Lillian Eugenia Smith Well, I feel a great deal, you know, because we happen to be a very colorful family. Nine dissenters, I think you could say, and I do want to tell you this, although I was the first member of my family, the children, the nine, to speak out against segregation, within one year, every one of them was not only speaking out, but acting and doing, and all of their children do, so we have 55--
Studs Terkel The point I was coming to, before me--I know Mr. Thomas has another engagement, before he has to go. I'm a base--I was a baseball fan, you know, for a long time. And there's a new home run hero named Roger Maris. You may have heard of him--
Studs Terkel And yet there's a difference, no, between Ba--this is no reflection on Roger Maris, the difference between Babe Ruth and Roger Maris, the difference not only of time, but there was a difference in the--again the word "color" I come to, a certain aura, and I wonder if this doesn't reflect--this is a sports figure, the whole world itself and I'm not a Chartist, I'm not for the destruction of machines, but I wonder whether the technological age we live in or what, or the, perhaps the means in which it's being used hasn't drained--
Norman Thomas To some extent, yes. To some considerable extent. I'm not sure that Maris and Ruth are [predicting your figures? particular figures?] of it because you could find some screwballs in baseball, uh, who aren't too famous, but who were there. But I think the machine, the mass, the general mass pressure tends to make an equalization of manners and so on good, bad and indifferent. And I think that specifically the invention of loudspeakers, valuable as it is, does much to destroy good public speaking. And then there is a kind of a curious wave of things. We have gone usefully out of the spread-eagle style of oratory, but as so often happens with human beings and Americans, we've gone too far, and there are people who would be ashamed to play golf in public who haven't the slightest compunction of reading a speech written by a typist as a fifth-grade boy oughtn't to do it.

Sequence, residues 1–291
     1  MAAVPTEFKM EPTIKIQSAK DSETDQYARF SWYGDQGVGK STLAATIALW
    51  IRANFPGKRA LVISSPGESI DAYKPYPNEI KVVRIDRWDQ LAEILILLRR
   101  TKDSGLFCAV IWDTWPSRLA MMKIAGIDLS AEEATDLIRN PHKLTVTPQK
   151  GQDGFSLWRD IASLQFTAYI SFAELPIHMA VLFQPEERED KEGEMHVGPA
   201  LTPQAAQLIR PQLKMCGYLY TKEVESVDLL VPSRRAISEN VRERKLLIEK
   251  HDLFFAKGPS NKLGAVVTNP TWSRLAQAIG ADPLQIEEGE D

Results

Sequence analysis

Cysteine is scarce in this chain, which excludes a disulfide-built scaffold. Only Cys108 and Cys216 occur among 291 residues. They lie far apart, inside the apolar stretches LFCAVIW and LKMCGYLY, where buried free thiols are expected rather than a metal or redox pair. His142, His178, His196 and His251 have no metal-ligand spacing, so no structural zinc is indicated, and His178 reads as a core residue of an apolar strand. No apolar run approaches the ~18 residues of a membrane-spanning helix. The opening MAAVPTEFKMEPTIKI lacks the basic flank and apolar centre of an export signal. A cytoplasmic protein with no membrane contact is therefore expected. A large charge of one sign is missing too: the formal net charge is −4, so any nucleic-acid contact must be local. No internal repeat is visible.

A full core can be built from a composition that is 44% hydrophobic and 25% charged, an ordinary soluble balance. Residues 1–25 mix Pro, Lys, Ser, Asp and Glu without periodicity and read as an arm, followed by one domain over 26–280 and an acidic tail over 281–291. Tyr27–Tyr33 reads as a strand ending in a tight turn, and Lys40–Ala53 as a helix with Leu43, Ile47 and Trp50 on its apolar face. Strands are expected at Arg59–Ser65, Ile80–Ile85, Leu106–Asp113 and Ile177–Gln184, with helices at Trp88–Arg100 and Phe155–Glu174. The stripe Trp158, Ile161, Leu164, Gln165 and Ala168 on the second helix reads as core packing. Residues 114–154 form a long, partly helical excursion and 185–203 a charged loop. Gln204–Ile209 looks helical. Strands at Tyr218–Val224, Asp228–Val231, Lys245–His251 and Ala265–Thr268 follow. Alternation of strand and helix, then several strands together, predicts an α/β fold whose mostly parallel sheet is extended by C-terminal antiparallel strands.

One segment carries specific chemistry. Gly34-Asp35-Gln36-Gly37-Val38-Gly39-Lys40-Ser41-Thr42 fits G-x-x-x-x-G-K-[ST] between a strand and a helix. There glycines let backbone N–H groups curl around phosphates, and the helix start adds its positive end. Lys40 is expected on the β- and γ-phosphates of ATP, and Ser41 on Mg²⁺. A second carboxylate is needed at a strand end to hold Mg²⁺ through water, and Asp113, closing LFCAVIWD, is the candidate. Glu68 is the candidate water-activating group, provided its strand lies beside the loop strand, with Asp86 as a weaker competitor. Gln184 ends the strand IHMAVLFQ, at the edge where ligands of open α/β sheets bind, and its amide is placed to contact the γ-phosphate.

Studs Terkel No, no, no, no. I was talking, I was talking about the oratory of the past. Mr. Thomas, you have to go now, and may we just mention the name of Norman Thomas's book again, "Great Dissenters: From Socrates to Gandhi", and it's Norton Press. Thank you very much, sir.
Lillian Eugenia Smith Yes.
Lillian Eugenia Smith Yes.
Lillian Eugenia Smith Yes, yes, it is, in a rather peculiar sort of way. Much of my own personal life, that is the people I have particularly loved, the humiliations I've had just as an individual, the shocks and the marvelous experiences, some of those things are not in this book. This is the autobiography of me, as I think most Americans who have lived in the Deep South have experienced it. And I think what I have experienced in the Deep South is pretty much what every American has experienced on one level or another. And I think we can take it a step further and say that what I say here applies to most Westerners, even Europeans, seem to understand this book, and, and seem to know. You know, one thing that I have thought about greatly--but let me say this first. "Killers of the Dream", just a few people who have seen the title, they have felt that this title is an indictment of others, and I say, "No, is it--it is an indictment of me. It is an indictment of all of us who again and again and again have killed our dreams," you see, from the time we were small children, is an indictment of Russia, is an indictment of Khrushchev, is indictment of every human being--
Lillian Eugenia Smith Yes!
Studs Terkel Extends